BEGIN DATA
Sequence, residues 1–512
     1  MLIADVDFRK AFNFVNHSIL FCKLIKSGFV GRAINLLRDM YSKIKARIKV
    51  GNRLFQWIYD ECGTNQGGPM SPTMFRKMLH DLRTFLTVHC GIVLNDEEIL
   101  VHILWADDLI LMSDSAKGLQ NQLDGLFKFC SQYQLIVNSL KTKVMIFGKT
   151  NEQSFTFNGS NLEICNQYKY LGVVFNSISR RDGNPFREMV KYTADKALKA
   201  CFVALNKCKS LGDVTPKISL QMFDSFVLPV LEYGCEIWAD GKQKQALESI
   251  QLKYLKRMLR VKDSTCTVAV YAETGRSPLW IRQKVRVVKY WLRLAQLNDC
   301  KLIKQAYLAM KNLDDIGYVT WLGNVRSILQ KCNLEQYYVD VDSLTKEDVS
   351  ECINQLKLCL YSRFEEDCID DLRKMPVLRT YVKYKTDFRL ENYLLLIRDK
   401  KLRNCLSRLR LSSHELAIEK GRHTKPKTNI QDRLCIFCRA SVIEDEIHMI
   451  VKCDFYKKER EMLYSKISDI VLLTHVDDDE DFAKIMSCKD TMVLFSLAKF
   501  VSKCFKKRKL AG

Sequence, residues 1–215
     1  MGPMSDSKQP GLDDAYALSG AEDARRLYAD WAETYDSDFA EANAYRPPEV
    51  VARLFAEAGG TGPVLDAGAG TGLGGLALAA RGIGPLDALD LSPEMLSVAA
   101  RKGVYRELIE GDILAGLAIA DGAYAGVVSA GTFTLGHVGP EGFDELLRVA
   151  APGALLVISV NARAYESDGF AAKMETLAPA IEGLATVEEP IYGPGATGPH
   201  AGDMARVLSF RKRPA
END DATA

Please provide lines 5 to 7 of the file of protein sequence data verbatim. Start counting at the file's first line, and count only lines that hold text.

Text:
   151  NEQSFTFNGS NLEICNQYKY LGVVFNSISR RDGNPFREMV KYTADKALKA
   201  CFVALNKCKS LGDVTPKISL QMFDSFVLPV LEYGCEIWAD GKQKQALESI
   251  QLKYLKRMLR VKDSTCTVAV YAETGRSPLW IRQKVRVVKY WLRLAQLNDC